Lebanese Film - Rights for Sale

Dear Sirs,
We are young freshly graduated performing arts students living and working in Lebanon, we recently produced a Lebanese Feature Film which participated in the Arab Film Festival in California and was a success among audiences.
(please visit
www.amour-denfants.com for more info).

Due to the economic and political situation in Lebanon it was impossible for us to find any investors or sponsors to help us produce this movie, so we had to take a loan from individuals since the bank wouldn't give us a loan as freelancers.
This Loan exceeded it's due date, and we still don't have the amount to pay our debts.
That is why we are seeking help from abroad, we are ready to sell the entire rights of the movie including the rights of the original soundtrack for what may be considered as "Peanut Money" to settle our debts.
Do you think you could help us in any means?
Thank you in advance for your cooperation,
Kind Regards,

Fady Antoine Hachem

Jacques Nasser, CEO of Ford Motor Co
"Be Yourself. Be Your Own Brand."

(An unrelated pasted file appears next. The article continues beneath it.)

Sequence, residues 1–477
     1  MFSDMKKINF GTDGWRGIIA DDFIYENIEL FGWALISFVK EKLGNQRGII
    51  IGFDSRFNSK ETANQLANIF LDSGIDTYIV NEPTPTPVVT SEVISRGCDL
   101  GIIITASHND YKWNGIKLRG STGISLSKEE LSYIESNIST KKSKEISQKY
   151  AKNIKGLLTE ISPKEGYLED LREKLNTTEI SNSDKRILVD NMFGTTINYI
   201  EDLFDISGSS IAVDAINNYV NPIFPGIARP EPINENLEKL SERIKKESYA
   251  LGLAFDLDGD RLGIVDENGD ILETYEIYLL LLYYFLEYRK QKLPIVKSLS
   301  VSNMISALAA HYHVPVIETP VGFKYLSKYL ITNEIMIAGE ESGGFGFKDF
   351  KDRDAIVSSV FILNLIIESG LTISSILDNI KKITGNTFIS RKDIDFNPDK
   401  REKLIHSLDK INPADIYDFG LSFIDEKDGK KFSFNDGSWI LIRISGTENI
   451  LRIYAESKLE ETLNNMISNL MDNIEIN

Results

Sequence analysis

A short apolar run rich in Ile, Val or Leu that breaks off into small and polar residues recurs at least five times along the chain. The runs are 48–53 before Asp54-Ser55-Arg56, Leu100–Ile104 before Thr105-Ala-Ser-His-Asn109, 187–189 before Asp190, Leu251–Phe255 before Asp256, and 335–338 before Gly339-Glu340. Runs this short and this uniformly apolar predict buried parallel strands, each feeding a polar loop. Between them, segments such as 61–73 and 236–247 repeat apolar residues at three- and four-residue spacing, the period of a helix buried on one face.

Zhou Enlai, former premier of China, was asked during the mid 1970s about the significance of the Chinese revolution of 1949. His reply: "It's too early to say." That observation, says Jacques Nasser, CEO of Ford Motor Co., who was in China last month celebrating the 50th anniversary of the revolution, could well apply to the worldwide technological revolution that the Internet has unleashed in this decade. It may take years to recognize, but "cyber-business is going to become part of everything we Business Week touch," says Nasser. Nasser should know. Since having taken the steering wheel at Ford nine months ago, he has launched his own revolution at the 96-year-old auto giant. Ford, according to (October 11), is now the world's most profitable car company with $5.9 billion in net income. Fueled by its purchase of Volvo for $6.45 billion and an increased stake in Nissan, the company is positioned to overtake General Motors as the world's No. 1 automaker by 2001, Business Week predicts. Although Ford still faces challenges-such as over dependence on its truck line and faltering operations in South America-Nasser is widely seen as having his foot firmly on the gas pedal. Speaking at the Wharton School on October 7, Nasser discussed issues ranging from the Internet revolution to the challenges of leading Ford's 360,000 employees. "E-commerce is not going to settle down," Nasser says. "Every second of the day, someone is tunneling into your customer base. Technology makes that possible. Anyone who does not look at business as a total equation will be taken over." That perspective, in part, drove Nasser to invest in early September in Microsoft's MSN CarPoint web service. The goal was not, as some might imagine, to sell cars directly to customers over the Internet and to bypass dealers. The most valuable aspect of its partnership with CarPoint is the access that Ford now has to large amounts of customer data about car design, color, feature preferences and so on. Mining this data will enable Ford to better understand its customers, which Nasser sees as Ford's core mission. "Businesspeople tend to think of business and profits as being the same," says Nasser. "But if you are mesmerized by profits, you'll never get them. Business is about nurturing customers. Profits are a measure, over time, of how well you are doing that." Nasser believes that the combination of the Internet with manufacturing will give companies opportunities to get closer to customers than ever before. Traditionally, auto companies designed vehicles, manufactured them, sold them through dealers, and didn't hear from customers for at least another three years until they returned to make their next purchase. The Internet, however, changes all that by giving customers power over crucial design and feature decisions. "We'll use the combination of Ford and Microsoft to redesign the design and manufacturing process, so that customers won't just be able to order cars, but also see them through the whole process," Nasser says. "We'll get unfiltered information about what our customers want, and that will affect the entire value chain." To guide companies through such wrenching changes, companies will need insightful leadership. According to Nasser, the key to cultivating leadership lies in recognizing differences-and using them to make a difference. He explained this with reference to his own life. Nasser was born in Lebanon, and his family moved to Australia when he was three. "I didn't look Australian, and when I went to school, I was different than the kids in my class. I spoke Arabic, not English. My lunch was tabouli and flat bread, and kids would laugh at me. But I stayed with my food. The lesson I learned was, it's okay to be different. Be yourself. Be your own brand. Stand up for what you believe in." Daring to be different is just one trait of a confident leader. Nasser believes that leaders should teach and learn at the same time. "Get into a zone that makes you uncomfortable," he says. "Be an expert in your own field, but develop a horizontal network of people off whom you can bounce ideas. Get as much international experience as you can. Be technically literate about the Internet and how it relates to your field." Nasser says that leaders who cultivate these traits can potentially succeed in any industry. Wealth-creating opportunities are available in all industries today, unlike what the dot.com mania might seem to suggest. "There's no bad business, only bad strategies," Nasser notes, and people who believe in themselves can certainly succeed. "Be passionate about what you do," he says. "You've got to be driven by a goal beyond monetary value. It has to be in your heart, not just an intellectual stimulus. Every single moment for me is a hair-tingling moment." Source :Wharton


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